In the past, there were problems with all of these hypotheses: the regressive hypothesis did not explain why even the smallest of cellular parasites do not resemble viruses in any way. The escape hypothesis did not explain the complex capsids and other structures on virus particles. The virus-first hypothesis contravened the definition of viruses in that they require host cells. [53] Viruses are now recognised as ancient and as having origins that pre-date the divergence of life into the three domains. [64] This discovery has led modern virologists to reconsider and re-evaluate these three classical hypotheses. [64]

The evidence for an ancestral world of RNA cells [65] and computer analysis of viral and host DNA sequences are giving a better understanding of the evolutionary relationships between different viruses and may help identify the ancestors of modern viruses. To date, such analyses have not proved which of these hypotheses is correct. [65] It seems unlikely that all currently known viruses have a common ancestor, and viruses have probably arisen numerous times in the past by one or more mechanisms. [66]

Life properties

Scientific opinions differ on whether viruses are a form of life or organic structures that interact with living organisms. [11] They have been described as "organisms at the edge of life", [10] since they resemble organisms in that they possess genes, evolve by natural selection, [67] and reproduce by creating multiple copies of themselves through self-assembly. Although they have genes, they do not have a cellular structure, which is often seen as the basic unit of life. Viruses do not have their own metabolism and require a host cell to make new products. They therefore cannot naturally reproduce outside a host cell [68] —although some bacteria such as rickettsia and chlamydia are considered living organisms despite the same limitation. [69] [70] Accepted forms of life use cell division to reproduce, whereas viruses spontaneously assemble within cells. They differ from autonomous growth of crystals as they inherit genetic mutations while being subject to natural selection. Virus self-assembly within host cells has implications for the study of the origin of life, as it lends further credence to the hypothesis that life could have started as self-assembling organic molecules. [2]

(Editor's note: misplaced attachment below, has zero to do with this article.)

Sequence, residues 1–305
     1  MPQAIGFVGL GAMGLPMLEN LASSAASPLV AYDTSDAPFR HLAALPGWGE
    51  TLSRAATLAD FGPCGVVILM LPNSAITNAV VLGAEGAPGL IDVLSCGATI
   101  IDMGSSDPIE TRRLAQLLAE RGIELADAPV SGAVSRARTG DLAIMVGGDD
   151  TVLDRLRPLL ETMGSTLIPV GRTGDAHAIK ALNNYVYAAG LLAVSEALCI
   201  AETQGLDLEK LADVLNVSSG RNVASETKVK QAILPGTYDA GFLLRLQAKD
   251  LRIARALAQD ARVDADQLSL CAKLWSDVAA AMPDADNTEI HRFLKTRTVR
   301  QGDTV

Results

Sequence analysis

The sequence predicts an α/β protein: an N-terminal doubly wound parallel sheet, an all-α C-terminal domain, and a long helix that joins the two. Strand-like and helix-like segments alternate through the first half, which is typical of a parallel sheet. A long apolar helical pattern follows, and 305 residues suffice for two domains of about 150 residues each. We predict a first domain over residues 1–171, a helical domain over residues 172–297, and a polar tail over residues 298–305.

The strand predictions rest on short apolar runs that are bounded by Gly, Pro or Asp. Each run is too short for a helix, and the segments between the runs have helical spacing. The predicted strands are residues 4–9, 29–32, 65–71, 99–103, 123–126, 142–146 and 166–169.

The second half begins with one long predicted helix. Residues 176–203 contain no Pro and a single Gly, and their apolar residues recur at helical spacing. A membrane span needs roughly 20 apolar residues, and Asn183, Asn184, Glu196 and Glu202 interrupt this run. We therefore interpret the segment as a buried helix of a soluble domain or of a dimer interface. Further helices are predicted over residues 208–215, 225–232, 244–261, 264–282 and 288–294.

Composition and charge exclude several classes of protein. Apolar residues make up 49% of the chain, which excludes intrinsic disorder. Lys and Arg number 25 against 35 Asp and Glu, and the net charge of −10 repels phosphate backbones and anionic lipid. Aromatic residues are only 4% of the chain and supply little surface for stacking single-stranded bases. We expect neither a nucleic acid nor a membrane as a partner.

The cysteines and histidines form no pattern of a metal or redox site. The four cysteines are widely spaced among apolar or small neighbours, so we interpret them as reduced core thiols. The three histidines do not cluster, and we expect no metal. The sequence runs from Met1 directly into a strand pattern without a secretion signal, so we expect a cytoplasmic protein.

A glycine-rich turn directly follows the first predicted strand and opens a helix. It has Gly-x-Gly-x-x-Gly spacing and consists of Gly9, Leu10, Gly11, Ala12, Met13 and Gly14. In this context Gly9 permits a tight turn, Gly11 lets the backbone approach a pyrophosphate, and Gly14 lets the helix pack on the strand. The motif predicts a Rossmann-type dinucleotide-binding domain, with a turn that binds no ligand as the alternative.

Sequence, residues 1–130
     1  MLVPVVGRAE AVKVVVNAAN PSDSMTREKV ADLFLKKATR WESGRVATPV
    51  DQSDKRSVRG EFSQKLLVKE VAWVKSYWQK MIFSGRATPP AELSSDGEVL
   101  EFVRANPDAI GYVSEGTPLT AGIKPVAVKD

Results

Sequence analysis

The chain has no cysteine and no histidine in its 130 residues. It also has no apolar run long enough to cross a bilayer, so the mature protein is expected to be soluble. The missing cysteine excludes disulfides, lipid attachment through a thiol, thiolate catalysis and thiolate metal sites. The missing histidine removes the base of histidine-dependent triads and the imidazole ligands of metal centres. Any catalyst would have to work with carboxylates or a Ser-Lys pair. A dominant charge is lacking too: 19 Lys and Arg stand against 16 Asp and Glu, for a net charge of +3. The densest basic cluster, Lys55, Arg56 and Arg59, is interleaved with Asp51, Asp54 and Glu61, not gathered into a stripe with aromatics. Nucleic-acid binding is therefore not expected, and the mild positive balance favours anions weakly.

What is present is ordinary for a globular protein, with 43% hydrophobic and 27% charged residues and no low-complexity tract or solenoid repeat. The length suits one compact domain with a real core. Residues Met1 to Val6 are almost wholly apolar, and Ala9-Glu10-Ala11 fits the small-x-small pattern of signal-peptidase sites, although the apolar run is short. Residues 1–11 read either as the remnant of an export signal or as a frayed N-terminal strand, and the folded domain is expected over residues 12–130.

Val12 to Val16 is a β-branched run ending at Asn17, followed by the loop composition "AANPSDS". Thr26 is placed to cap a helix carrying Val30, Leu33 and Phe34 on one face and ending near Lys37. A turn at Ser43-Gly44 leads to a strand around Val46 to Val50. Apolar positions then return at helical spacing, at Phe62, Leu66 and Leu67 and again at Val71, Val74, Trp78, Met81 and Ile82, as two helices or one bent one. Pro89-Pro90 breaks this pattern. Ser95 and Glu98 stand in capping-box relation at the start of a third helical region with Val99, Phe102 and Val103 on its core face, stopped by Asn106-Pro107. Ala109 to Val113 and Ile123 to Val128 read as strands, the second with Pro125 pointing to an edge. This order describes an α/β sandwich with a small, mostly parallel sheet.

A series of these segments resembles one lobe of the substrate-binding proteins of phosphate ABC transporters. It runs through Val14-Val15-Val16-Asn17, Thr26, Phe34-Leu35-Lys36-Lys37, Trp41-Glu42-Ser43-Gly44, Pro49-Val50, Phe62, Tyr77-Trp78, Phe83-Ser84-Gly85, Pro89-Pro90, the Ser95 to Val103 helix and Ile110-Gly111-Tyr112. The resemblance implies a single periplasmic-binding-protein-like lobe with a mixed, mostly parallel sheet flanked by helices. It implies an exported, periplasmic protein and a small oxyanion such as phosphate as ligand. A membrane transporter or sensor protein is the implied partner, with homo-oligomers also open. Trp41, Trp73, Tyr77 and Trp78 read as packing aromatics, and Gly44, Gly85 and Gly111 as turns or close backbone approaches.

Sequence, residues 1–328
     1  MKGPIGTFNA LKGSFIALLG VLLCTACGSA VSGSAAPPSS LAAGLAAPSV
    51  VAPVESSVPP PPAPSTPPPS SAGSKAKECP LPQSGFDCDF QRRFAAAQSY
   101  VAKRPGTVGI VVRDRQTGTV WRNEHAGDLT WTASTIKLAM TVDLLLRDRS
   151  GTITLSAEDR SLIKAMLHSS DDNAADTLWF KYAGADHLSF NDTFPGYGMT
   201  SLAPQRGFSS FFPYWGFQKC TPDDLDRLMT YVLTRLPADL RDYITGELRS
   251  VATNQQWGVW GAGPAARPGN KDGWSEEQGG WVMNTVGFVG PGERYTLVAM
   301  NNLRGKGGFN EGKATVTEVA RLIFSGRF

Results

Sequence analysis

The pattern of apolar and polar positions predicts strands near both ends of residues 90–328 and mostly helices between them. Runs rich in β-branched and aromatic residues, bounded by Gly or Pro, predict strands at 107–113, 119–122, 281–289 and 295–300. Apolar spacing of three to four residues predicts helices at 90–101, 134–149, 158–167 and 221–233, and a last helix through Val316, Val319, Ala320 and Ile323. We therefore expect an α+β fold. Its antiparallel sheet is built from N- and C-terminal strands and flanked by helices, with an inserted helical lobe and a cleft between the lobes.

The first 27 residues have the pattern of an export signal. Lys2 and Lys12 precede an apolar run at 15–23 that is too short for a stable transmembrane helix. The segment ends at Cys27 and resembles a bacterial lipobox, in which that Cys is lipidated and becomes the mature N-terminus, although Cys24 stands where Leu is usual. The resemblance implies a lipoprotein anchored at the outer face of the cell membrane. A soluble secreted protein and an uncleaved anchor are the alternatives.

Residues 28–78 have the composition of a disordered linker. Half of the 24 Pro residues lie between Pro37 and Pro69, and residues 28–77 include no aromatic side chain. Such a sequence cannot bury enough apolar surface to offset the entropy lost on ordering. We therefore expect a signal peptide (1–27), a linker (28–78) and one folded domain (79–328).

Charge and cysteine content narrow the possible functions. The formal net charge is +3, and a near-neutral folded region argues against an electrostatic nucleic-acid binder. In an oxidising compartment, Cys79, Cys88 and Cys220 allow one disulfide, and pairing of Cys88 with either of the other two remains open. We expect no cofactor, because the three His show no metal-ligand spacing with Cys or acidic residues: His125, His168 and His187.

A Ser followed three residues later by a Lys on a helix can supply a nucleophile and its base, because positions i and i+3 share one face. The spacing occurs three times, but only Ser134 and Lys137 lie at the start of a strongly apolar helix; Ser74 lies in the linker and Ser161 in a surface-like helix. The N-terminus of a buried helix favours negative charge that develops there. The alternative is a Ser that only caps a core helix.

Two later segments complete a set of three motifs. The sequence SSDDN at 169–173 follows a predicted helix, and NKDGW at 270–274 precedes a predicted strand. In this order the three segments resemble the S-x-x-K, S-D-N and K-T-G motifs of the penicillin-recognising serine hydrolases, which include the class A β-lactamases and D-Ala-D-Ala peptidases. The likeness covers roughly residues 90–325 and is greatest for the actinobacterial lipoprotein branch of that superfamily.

Structure

Viruses display a wide diversity of shapes and sizes, called 'morphologies'. In general, viruses are much smaller than bacteria. Most viruses that have been studied have a diameter between 20 and 300 nanometres. Some filoviruses have a total length of up to 1400 nm their diameters are only about 80 nm. [71] Most viruses cannot be seen with an optical microscope, so scanning and transmission electron microscopes are used to visualise them. [72] To increase the contrast between viruses and the background, electron-dense "stains" are used. These are solutions of salts of heavy metals, such as tungsten, that scatter the electrons from regions covered with the stain. When virions are coated with stain (positive staining), fine detail is obscured. Negative staining overcomes this problem by staining the background only. [73]

A complete virus particle, known as a virion, consists of nucleic acid surrounded by a protective coat of protein called a capsid. These are formed from protein subunits called capsomeres. [74] Viruses can have a lipid "envelope" derived from the host cell membrane. The capsid is made from proteins encoded by the viral genome and its shape serves as the basis for morphological distinction. [75] [76] Virally-coded protein subunits will self-assemble to form a capsid, in general requiring the presence of the virus genome. Complex viruses code for proteins that assist in the construction of their capsid. Proteins associated with nucleic acid are known as nucleoproteins, and the association of viral capsid proteins with viral nucleic acid is called a nucleocapsid. The capsid and entire virus structure can be mechanically (physically) probed through atomic force microscopy. [77] [78] In general, there are five main morphological virus types: